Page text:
4
   

Reason or Emotion: Who's in Charge?

 
 
Setanta
 
  1  
Reply Thu 26 Nov, 2015 06:04 am
@Tuna,
That's a pretty feeble basis upon which to claim i was motivated by my passions. Do you allege that saving money is an emotional exercise? The large washers save one time, too. Are you now going to allege that time-saving is an emotional exercise? I'm sure you can make a case for Hume's silliness if you make your definition of passion broad enough--which will result in it being so broad as to be meaningless.
Tuna
 
  1  
Reply Thu 26 Nov, 2015 06:09 am
@layman,
Quote:
Some people, like Richard Dawkins, for example, pretend that they want reason simply for reason's sake. Yeah, right, Dicky-boy.
A lot of people do what I think of as argument from psychoanalysis. Like: Republicans say that because (insert some character flaw). It's incredibly condescending.

So I don't know what to do about the fact that Dawkins (or anyone who puts a LOT of energy into attacking superstition) seems to beg for psychoanalysis.

You see? You can also find an emotional state that is conflicted. I think reason in these cases is the way out. Maybe.

Quote:
Nietzche hated platonic thought, but he admired Socrates, the character. Why? Because Socrates created a new form of "game." A new sport, a new CONTEST. It was the game of reasoning, and using your skills to defeat your opponent.
But Socrates wasn't about winning through sophistry. The myth is that he went to the Oracle and was told he was the wisest man in Athens. He thought "How could that be? I don't know anything?" He concluded that this must be why he was wisest: because he knew he didn't know anything. Subsequently he went around showing everybody else that all their knowledge tends to fall apart on analysis.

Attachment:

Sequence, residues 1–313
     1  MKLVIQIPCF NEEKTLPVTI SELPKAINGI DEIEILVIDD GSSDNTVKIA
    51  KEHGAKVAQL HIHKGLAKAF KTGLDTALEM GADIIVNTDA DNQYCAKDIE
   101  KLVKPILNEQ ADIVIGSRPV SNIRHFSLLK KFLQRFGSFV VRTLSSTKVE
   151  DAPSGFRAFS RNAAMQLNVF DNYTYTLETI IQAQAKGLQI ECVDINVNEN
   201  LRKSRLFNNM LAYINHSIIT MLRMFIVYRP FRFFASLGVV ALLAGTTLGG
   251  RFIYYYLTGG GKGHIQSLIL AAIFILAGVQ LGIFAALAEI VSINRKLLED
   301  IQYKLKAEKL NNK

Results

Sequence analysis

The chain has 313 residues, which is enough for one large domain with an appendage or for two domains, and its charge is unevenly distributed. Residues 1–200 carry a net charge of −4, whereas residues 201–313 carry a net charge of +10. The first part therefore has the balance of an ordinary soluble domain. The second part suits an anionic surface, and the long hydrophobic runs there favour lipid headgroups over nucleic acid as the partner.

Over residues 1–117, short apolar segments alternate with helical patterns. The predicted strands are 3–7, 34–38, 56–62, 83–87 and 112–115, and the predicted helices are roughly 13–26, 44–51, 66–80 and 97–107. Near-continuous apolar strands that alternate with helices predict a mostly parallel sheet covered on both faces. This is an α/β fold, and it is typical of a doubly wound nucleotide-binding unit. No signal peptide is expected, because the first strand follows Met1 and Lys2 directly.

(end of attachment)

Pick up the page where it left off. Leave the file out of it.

layman
 
  1  
Reply Thu 26 Nov, 2015 06:12 am
@Tuna,
Quote:
He concluded that this must be why he was wisest: because he knew he didn't know anything.


Cancha see, Tuna? That was his game, and he had the best. That boy was a playa, sho nuff.

Quote:
Subsequently he went around showing everybody else that all their knowledge tends to fall apart on analysis.


Exactly. He kicked their sorry asses.
Tuna
 
  1  
Reply Thu 26 Nov, 2015 06:16 am
@Setanta,
Quote:
Do you allege that saving money is an emotional exercise?

It's that if money and time are significant to you, that's passion at work, not reason.
Setanta
 
  1  
Reply Thu 26 Nov, 2015 06:18 am
@Tuna,
Ah yes . . . some honesty from you . . . you're so devoted to your argument that you'll define passion broadly enough to have no meaning. See ya.
Tuna
 
  1  
Reply Thu 26 Nov, 2015 06:18 am
@layman,
Quote:
Exactly. He kicked their sorry asses.

Up until they sentenced him to death.
Tuna
 
  1  
Reply Thu 26 Nov, 2015 06:19 am
@Setanta,
Goodbye.
0 Replies
 
layman
 
  1  
Reply Thu 26 Nov, 2015 06:20 am
@layman,
Quote:
Cancha see, Tuna? That was his game, and he had the best. That boy was a playa, sho nuff.


Plato knew that. Now and again, in his dialogues, some opponent would get furious with the Soc, and shout: "Damn you, Socrates! You're justa damn coward. You won't ever take a stand, you never assert a position. You just ask questions, fool!

He dunked on they ass, when he suckered them into tryin to go for a steal.